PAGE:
24th July 2008 – 8.27 am

After the amazing Kung Fu Panda I had high hopes when seeing the more highly rated Wall-E, Pixar's latest animated feature film. The opening scenes don't disappoint, as we are shown visually amazing photo-realistic depictions of a bleak city-scape to introduce us to the main character and his world. Sadly, it's pretty much downhill from there.

Wall-E's isolated existence is shared with a lone cockroach, which makes 'sproing' noises when jumping to plant the film firmly in the 'kids' category, until EVE turns up. Wall-E's fascination with EVE is understandable, with the new robot being not only a refreshing break from Wall-E's monotony but also stunningly high-tech. We are then led on a romantic fairy tale of wishes and hope, as Wall-E follows EVE to the end of the galaxy to help complete her directive at the cost of his own.

The two main characters are nicely conceived and look the part, but neither seem particularly sympathetic. For a robot that is designed to find sustainable life it seems highly contradictory for her to shoot and blow up anything that moves without first scanning it, which happens on more than one occasion. It may lead to 'cute' or 'funny' initial misunderstandings but it is surely entirely against the supposed character of the unit. Wall-E isn't much better in being entirely lovable. When the time comes where he chooses to follow EVE Wall-E tells his cockroach pal to stay put. The only friend and companion we are shown Wall-E to have is abandoned, with no idea of how long for, without a second thought!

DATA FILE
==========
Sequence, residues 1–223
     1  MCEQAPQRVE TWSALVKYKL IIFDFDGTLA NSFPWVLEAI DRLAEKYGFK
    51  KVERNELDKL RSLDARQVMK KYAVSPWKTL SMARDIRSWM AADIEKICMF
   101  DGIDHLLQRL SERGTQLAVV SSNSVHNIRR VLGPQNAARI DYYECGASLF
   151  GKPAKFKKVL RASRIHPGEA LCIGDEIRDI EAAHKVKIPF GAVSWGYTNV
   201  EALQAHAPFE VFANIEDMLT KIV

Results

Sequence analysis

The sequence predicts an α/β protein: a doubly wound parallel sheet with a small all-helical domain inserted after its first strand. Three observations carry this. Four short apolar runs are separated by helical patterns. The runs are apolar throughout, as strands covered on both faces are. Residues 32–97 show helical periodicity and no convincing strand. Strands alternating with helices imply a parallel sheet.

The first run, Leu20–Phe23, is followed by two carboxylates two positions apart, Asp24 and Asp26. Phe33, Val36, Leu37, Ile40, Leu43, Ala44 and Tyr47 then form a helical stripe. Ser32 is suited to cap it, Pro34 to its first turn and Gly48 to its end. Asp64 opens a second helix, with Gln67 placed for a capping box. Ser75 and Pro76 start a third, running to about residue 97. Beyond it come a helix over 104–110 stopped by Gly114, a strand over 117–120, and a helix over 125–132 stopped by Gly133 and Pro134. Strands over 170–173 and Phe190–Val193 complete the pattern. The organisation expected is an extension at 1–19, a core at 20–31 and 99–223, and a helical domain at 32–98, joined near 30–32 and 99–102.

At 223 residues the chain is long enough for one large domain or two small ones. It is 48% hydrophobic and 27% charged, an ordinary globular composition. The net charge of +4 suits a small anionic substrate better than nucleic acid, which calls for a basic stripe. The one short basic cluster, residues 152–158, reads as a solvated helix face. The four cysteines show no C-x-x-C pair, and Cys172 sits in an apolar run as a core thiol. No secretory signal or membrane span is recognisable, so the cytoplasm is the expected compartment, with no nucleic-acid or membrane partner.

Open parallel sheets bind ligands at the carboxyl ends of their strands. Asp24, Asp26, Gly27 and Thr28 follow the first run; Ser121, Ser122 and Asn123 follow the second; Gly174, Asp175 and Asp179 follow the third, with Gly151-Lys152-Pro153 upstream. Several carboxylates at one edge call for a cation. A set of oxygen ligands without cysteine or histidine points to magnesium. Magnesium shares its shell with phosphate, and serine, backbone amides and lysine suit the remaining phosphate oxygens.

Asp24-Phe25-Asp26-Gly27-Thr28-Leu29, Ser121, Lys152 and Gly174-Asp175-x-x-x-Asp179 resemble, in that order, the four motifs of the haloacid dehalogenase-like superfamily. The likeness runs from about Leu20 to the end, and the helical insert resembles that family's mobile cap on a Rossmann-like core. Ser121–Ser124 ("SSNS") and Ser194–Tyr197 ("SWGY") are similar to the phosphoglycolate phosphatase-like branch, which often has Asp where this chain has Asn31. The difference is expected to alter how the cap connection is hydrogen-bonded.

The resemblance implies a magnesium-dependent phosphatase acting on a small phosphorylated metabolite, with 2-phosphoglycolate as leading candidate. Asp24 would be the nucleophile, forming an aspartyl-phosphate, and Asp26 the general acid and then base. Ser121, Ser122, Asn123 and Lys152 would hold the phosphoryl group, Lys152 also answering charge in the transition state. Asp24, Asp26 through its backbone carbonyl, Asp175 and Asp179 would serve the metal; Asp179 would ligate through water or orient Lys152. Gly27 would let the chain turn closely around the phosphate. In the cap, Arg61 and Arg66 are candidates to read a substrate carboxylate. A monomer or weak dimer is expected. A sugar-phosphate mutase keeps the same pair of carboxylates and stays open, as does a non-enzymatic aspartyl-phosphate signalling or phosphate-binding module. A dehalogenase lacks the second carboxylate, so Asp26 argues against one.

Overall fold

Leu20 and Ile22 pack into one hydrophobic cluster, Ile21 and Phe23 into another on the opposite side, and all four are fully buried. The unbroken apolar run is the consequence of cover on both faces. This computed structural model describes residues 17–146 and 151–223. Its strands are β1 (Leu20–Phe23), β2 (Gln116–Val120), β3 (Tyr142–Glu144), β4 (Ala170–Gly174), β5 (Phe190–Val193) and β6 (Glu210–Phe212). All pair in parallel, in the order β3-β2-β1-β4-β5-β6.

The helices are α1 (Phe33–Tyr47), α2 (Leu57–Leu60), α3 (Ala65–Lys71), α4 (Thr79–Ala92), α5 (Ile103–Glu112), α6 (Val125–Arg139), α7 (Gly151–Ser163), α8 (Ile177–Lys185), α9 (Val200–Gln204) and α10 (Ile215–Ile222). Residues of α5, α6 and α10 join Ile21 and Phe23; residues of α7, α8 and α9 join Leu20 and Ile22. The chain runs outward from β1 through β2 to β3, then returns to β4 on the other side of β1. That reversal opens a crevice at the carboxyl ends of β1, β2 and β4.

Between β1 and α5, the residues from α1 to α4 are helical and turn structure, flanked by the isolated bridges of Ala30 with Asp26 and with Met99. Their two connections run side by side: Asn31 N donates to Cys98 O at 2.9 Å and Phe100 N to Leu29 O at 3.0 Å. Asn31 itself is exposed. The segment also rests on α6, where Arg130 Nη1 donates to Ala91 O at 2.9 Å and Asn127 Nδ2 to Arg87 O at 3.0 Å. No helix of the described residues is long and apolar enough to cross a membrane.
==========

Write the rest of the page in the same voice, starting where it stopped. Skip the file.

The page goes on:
The story is limited by the protagonists being unable to communicate directly, and we are guided through the plot mostly through the robots' mime and by some initially heavy-handed exposition, with some more carefully crafted scenes later on. The humour of the film consists almost entirely of Wall-E bumping, falling, or getting hit by something, and it becomes entirely too predictable, although there are some original and amusing visual gags scattered throughout.

As a romantic fairy tale Wall-E works well, with whimsical characters being led by and following their 'hearts' and holding idealistic values that ultimately lead to a better future for everyone. But it is this reliance on romance where the film suffers, relying too heavily on the idea that a single interaction with an unknown entity affects another entity significantly enough to change its life forever. This becomes strained not just through its overuse but also from the main characters' general inability to communicate verbally, forcing too much anthropomorphic empathy on to them.

As it turned out, the short film that Pixar traditionally presents before a feature, which this time was Presto, was far more enjoyable than Wall-E, because of its concentrated and tight structure coupled with well-implemented visual gags and a quickly established empathy with the bunny. As a feature-length film Wall-E is overly long and too-often predictable, offering little but a visual spectacular as stunning graphics create an amazingly detailed world. Wall-E would have made yet another fantastic short film for Pixar, and it's a shame that it was drawn out to such a length as to have made it a mediocre offering from the animation studio.

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